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Veniamin Alexandrovich Kaverin (Russian: Вениамин Александрович Каверин; real name – Вениамин Александрович Зильбер, or Veniamin Alexandrovich Zilber)(April 19 [O.S. April 6] 1902, Pskov – May 2, 1989, Moscow) was a Soviet writer associated with the early 1920s movement of the Serapion Brothers. The immunologist Lev Zilber was his older brother, and the critic Yury Tynyanov was his brother-in-law.
During the WWII evacuation in Yaroslavl, Kaverin completed his best-known novel, The Two Captains (1938–44), which colourfully recounts the adventures of Russian polar explorers before and after the Revolution. The book, awarded the Stalin Prize in 1946, was reissued 42 times in 25 years and was adapted for the screen twice, in 1955 and 1976. In 1966, Kaverin published a revised version of his 1929 study of Osip Senkovsky, Baron Brambeus. Later, he worked on his reminiscences about the literary milieu of the 1920s, which contained passages highly critical of Soviet policies in literature.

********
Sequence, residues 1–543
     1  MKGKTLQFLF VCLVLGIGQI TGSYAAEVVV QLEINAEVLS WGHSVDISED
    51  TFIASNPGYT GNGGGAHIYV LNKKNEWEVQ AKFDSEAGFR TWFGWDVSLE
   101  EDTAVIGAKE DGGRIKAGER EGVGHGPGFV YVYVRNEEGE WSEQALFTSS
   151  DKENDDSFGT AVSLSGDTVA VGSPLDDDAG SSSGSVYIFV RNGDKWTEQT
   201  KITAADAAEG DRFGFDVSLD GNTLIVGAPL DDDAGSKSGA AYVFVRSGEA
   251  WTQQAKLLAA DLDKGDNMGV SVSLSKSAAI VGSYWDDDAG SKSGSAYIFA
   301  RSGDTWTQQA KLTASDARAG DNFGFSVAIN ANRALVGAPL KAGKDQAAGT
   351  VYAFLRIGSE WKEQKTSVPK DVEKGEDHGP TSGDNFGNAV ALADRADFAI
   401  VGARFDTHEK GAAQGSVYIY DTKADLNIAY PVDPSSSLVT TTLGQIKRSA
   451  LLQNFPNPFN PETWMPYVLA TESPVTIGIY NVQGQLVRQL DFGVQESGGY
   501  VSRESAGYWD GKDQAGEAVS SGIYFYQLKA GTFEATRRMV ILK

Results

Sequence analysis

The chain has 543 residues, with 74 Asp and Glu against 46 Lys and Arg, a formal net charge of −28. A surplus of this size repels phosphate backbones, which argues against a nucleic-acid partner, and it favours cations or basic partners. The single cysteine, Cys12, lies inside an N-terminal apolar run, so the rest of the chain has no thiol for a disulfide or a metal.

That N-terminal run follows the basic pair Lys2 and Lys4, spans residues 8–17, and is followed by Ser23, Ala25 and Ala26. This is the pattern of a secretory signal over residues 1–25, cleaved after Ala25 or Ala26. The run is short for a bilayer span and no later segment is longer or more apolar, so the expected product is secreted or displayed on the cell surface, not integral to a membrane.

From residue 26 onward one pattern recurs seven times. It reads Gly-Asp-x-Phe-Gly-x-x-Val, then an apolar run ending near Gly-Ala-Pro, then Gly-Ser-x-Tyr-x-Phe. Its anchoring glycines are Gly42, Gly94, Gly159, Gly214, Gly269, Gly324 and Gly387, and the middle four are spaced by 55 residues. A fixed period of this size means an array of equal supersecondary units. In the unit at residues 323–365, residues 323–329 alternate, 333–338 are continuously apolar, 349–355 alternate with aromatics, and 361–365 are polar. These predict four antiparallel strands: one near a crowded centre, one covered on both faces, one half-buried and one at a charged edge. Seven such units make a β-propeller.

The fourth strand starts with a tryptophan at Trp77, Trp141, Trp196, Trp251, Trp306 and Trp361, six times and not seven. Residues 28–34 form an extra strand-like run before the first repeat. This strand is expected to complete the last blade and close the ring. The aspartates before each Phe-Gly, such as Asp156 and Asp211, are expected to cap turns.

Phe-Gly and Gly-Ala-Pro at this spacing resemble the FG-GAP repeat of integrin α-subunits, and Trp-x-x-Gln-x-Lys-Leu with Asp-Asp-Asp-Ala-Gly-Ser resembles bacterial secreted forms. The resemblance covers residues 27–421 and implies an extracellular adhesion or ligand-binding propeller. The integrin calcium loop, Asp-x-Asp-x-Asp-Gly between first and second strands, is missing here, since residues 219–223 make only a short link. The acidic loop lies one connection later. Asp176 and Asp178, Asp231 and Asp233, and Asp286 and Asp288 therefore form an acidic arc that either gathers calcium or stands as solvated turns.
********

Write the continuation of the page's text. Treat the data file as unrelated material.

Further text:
As The Moscow News commented on his centenary, "Kaverin showed that even under the worst of conditions it is possible to retain one's human qualities and decency. His example is a reproach to so many other Soviet writers who sold their souls to the regime and committed reprehensible public acts".